The trial court further explained that [o]n September 28, , Attorney Peruto stated that he was not going to represent Appellant and that was why this [c]ourt appointed counsel, and, quite frankly, used taxpayers’ money to do so. In retrospect, I should have probably checked further to see if [Appellant] could afford counsel, but it was represented to this court that he [c]ould not, and obviously he was in custody, so in fairness to [Appellant], I appointed counsel on his behalf. So then it was continued to [October 19th] and on that date, still, you know, there was a difficulty with whoever was going to be appointed. I rolled it over again to October 27, and then from that date . . . rescheduled it [for today]. So there were close to three months during which [Appellant] could have resolved this otherwise and did not. The fact that he or someone on his behalf chose to attempt to retain your office last night, which, you know, on the eve of a hearing, whether today or tomorrow, it is of no import to me, because that’s just not the way we do things. I’m going to proceed with the [VOP] hearing as previously scheduled. Now, right now I have [appointed counsel] as [counsel of record]. Unless you wish to represent him in the hearing now, I’ll consider that, but otherwise we’re going forward. I’m not going to wait for [Attorney] Peruto. Id. at 13-15. ____________________________________________ 6 The record indicates that the trial court had another matter scheduled for trial on the same day as Appellant’s VOP hearing. However, the trial court did not yet know whether that matter would result in a plea or if it would proceed to trial. -4- J-A01002-20 After Attorney Sigman stated that he would represent Appellant, the trial court provided additional time for Attorney Sigman and appointed counsel to discuss Appellant’s case before proceeding with the hearing.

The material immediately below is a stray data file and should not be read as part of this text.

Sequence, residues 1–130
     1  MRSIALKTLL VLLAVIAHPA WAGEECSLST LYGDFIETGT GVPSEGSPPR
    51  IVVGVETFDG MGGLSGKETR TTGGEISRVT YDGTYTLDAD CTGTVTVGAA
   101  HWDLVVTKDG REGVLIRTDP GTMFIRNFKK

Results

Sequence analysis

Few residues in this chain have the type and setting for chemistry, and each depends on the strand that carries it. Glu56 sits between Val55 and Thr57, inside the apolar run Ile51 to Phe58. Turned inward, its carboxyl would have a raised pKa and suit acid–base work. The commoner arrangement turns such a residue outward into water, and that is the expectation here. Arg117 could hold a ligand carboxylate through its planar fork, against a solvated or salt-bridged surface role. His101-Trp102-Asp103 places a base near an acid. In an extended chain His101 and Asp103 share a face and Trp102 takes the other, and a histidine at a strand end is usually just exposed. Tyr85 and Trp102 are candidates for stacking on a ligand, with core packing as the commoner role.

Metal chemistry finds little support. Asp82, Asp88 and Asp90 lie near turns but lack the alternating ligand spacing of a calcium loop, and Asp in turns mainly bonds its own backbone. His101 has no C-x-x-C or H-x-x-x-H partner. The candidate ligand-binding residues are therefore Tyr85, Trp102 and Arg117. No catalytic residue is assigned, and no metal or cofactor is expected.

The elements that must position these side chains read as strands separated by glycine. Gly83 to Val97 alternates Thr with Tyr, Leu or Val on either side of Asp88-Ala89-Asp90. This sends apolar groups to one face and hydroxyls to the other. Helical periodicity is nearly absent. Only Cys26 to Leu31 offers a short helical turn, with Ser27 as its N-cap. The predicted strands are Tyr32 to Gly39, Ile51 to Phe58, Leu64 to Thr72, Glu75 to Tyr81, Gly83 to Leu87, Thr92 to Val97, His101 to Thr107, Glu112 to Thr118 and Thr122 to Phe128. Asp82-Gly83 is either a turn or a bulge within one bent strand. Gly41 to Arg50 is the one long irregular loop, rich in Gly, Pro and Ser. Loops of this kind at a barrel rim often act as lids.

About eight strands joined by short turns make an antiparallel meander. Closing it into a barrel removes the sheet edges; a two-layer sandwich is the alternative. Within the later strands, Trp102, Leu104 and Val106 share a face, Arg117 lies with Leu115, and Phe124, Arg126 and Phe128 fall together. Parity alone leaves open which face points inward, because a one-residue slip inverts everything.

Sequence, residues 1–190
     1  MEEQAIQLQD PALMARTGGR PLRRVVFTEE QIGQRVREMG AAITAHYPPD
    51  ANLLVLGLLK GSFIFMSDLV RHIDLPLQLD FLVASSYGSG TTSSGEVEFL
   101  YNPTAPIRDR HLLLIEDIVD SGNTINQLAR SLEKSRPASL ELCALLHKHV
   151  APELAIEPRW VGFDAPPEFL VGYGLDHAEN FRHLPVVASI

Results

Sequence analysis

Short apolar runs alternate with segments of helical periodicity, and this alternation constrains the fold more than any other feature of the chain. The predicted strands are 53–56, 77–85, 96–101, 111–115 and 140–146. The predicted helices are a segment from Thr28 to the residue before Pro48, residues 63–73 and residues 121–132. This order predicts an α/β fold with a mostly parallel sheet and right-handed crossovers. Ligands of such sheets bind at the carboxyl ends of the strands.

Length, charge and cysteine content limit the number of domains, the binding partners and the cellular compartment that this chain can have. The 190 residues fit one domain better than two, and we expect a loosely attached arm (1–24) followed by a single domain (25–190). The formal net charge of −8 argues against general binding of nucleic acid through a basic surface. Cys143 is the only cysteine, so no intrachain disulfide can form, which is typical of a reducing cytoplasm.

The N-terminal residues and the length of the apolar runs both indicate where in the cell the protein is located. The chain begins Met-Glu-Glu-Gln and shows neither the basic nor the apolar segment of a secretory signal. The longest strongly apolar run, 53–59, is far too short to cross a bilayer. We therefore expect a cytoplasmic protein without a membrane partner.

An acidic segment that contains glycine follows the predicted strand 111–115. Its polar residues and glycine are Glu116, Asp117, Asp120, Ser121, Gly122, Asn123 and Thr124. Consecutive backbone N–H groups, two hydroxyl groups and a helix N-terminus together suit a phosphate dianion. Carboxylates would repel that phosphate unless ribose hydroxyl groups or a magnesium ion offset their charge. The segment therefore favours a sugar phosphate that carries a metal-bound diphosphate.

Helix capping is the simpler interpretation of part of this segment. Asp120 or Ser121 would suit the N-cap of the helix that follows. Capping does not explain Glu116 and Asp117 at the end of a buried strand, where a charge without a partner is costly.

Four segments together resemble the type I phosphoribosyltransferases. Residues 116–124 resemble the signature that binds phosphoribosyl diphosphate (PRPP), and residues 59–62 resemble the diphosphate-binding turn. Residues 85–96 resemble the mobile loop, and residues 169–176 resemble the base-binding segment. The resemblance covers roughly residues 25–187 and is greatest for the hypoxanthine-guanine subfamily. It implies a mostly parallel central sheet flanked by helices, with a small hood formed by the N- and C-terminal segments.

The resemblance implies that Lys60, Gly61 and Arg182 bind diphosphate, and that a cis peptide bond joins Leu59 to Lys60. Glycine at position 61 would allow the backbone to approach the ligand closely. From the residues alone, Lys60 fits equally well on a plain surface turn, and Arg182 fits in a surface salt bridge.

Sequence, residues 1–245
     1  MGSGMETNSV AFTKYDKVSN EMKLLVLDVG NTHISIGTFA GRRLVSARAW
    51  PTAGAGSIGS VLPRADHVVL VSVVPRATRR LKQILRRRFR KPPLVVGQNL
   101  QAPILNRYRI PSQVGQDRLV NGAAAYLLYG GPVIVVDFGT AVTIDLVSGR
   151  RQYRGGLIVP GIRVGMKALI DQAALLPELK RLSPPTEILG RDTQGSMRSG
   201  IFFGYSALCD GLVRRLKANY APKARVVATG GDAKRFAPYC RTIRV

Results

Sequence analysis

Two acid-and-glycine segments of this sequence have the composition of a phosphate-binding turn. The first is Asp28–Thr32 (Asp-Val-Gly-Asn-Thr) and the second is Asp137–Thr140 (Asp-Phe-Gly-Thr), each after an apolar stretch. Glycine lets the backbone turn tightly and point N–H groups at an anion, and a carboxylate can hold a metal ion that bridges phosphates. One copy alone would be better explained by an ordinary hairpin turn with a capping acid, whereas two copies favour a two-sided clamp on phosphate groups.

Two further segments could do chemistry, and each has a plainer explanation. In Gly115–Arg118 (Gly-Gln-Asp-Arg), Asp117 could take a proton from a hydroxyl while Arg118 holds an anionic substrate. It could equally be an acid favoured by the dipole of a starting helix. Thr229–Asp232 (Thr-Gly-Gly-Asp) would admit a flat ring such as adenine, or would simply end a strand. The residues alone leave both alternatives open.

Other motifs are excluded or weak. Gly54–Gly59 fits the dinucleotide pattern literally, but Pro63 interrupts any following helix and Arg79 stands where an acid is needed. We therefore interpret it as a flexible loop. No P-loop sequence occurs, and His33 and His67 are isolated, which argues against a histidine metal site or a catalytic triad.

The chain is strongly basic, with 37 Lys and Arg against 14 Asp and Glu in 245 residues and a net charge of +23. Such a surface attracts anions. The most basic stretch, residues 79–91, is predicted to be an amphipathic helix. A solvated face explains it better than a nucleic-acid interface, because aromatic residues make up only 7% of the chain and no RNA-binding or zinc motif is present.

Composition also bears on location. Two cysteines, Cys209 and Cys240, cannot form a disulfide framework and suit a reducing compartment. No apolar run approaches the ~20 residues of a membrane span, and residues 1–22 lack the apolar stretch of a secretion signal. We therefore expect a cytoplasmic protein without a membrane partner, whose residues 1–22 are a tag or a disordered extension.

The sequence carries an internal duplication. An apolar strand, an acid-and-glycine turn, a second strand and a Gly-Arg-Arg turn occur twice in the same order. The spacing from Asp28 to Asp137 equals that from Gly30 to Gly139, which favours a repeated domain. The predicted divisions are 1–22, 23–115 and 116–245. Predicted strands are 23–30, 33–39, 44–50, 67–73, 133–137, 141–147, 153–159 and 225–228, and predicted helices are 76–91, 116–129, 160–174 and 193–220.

The trial court then conducted a colloquy to confirm that Appellant understood his rights.